The Truth about Discussing Your Salary

The Truth about Discussing Your Salary

The Truth about Discussing Your Salary

The pros and cons of comparing your wages with others.

By Catherine Conlan
Monster Contributing Writer
 
Your employer may discourage you from discussing your compensation with your co-workers, but did you know it’s not actually illegal? In fact, the law gives you the right to have those conversations if you choose.
 
Here’s what you need to know about discussing your salary.

It’s not illegal
 
Employees may get the impression they’re not allowed to compare pay rates or other compensation with their co-workers. But not only is it legal to do so, it’s illegal for employers to prohibit it, says David Reischer, a lawyer and CEO of LawyerReviews.com.
 
“The 1935 National Labor Relations Act specifically indicates that employees have the right to engage in ‘concerted activities for the purpose of collective bargaining or other mutual aid or protection,’” he says. Employers are not allowed to establish “pay secrecy” policies or use a nondisclosure agreement to prevent employees from discussing their compensation.

The benefits of talking pay
 
There are several benefits to comparing the salary you receive with what your co-workers are making. One is that you can get a better idea of how to price your own work.
 
“The benefit of allowing people to freely discuss their compensation is that it prevents employers from controlling all market signals and in doing so hindering fair competition,” Reischer says. “The central policy of allowing people to discuss their compensation is that this allows people to have a better ability to organize fair pay and living wages so that they are not disabused by monopolistic tendencies.”
 
Not only can it help you see if you’re being paid fairly, it can expose discrimination, says Donna Ballman, an employee-side employment attorney and author of “Stand Up For Yourself Without Getting Fired.” You may find a trend of certain classes of employees being paid less than others, such as a gender or age group.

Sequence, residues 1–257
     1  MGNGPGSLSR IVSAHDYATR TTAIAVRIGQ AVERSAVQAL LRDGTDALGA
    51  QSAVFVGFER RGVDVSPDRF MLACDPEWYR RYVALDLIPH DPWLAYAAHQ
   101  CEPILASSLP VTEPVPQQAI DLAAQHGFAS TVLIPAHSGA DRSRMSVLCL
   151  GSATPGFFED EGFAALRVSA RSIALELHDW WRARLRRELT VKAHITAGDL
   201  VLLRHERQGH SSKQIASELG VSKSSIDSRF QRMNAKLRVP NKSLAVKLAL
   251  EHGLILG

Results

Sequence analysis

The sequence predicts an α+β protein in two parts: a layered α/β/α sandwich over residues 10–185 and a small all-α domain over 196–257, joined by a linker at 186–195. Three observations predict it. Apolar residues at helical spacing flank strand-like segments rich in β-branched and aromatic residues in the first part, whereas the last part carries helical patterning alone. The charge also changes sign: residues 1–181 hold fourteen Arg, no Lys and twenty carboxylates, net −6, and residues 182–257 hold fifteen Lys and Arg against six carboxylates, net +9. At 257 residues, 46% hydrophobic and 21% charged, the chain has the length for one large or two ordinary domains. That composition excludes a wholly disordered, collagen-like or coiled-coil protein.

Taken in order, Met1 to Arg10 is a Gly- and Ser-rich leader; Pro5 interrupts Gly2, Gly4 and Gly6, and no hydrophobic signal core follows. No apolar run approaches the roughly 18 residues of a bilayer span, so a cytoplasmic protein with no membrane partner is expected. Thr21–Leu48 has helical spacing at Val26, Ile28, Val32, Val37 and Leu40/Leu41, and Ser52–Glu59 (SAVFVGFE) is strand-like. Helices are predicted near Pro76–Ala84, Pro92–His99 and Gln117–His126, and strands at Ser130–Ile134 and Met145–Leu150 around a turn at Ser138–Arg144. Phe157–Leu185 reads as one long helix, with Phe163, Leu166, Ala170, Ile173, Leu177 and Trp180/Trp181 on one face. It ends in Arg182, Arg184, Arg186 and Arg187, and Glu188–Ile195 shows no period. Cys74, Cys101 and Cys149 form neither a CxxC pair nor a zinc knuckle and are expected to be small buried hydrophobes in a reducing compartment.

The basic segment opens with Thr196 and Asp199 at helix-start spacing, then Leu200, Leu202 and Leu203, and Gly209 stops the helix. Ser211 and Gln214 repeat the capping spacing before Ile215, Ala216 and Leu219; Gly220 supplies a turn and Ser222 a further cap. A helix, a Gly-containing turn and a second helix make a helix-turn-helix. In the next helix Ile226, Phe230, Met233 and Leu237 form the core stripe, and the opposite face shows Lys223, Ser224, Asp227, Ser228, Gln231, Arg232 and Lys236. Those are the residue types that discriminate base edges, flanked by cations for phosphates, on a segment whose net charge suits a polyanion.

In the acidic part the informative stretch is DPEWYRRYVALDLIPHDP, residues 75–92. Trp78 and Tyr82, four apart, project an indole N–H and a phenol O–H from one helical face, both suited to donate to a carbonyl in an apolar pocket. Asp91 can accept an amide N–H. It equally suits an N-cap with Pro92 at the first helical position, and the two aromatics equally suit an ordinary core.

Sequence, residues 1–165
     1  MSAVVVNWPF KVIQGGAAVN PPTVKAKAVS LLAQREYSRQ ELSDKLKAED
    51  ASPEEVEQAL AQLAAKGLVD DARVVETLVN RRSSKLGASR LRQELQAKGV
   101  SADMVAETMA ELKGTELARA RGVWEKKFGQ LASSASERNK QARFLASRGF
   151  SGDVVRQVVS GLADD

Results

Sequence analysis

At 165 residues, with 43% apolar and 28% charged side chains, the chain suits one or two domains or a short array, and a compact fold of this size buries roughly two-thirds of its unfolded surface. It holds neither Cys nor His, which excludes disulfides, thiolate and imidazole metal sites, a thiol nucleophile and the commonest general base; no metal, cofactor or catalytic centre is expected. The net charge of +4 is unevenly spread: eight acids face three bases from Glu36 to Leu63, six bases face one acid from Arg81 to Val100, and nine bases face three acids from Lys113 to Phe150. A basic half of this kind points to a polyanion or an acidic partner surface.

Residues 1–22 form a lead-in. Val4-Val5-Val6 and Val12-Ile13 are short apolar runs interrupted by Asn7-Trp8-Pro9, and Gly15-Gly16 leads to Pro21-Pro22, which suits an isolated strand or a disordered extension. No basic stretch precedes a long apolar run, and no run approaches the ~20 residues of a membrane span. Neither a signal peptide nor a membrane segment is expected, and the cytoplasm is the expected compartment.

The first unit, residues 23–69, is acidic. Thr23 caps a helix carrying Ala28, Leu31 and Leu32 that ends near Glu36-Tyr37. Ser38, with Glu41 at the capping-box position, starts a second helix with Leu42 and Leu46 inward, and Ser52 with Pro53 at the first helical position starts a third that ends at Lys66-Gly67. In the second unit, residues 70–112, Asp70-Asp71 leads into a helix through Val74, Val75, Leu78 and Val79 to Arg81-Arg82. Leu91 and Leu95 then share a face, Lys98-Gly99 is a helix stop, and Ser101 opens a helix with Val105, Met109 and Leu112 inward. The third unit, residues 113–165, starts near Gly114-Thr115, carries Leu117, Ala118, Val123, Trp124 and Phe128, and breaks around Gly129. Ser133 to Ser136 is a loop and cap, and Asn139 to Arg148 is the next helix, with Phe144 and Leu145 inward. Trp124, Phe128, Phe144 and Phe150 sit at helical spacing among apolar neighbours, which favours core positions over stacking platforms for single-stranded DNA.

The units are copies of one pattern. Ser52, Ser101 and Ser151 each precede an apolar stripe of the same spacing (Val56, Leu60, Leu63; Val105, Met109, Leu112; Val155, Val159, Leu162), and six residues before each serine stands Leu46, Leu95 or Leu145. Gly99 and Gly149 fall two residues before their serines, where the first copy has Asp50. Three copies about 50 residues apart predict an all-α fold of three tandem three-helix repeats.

“Employers hate it when employees discuss salaries because it exposes discrimination and other unfair pay practices,” she says. “If your employer has a written policy or contract prohibiting salary discussions, you can report them to the National Labor Relations Board.”
 
Sharing salary information provides workers with an opportunity to organize and better overall conditions in general, says attorney Michael Rehm. This can lead to a collective bargaining effort, or simply an informal push for better wages.

Disadvantages of discussing compensation
 
Talking about your compensation can give you more information about conditions and pay across the company, but it can also sow discontent, Rehm says. “The cons are obviously that it can cause jealousy and rebellion in the workplace from the employer’s point of view.” If workers are unhappy about their pay, their productivity may drop. Employees may also turn on each other if they feel some people are getting more than others feel they deserve.
 
It’s also important to remember that an employer or former employer can prevent you from discussing your work or compensation outside of work through a nondisclosure agreement, Rehm says.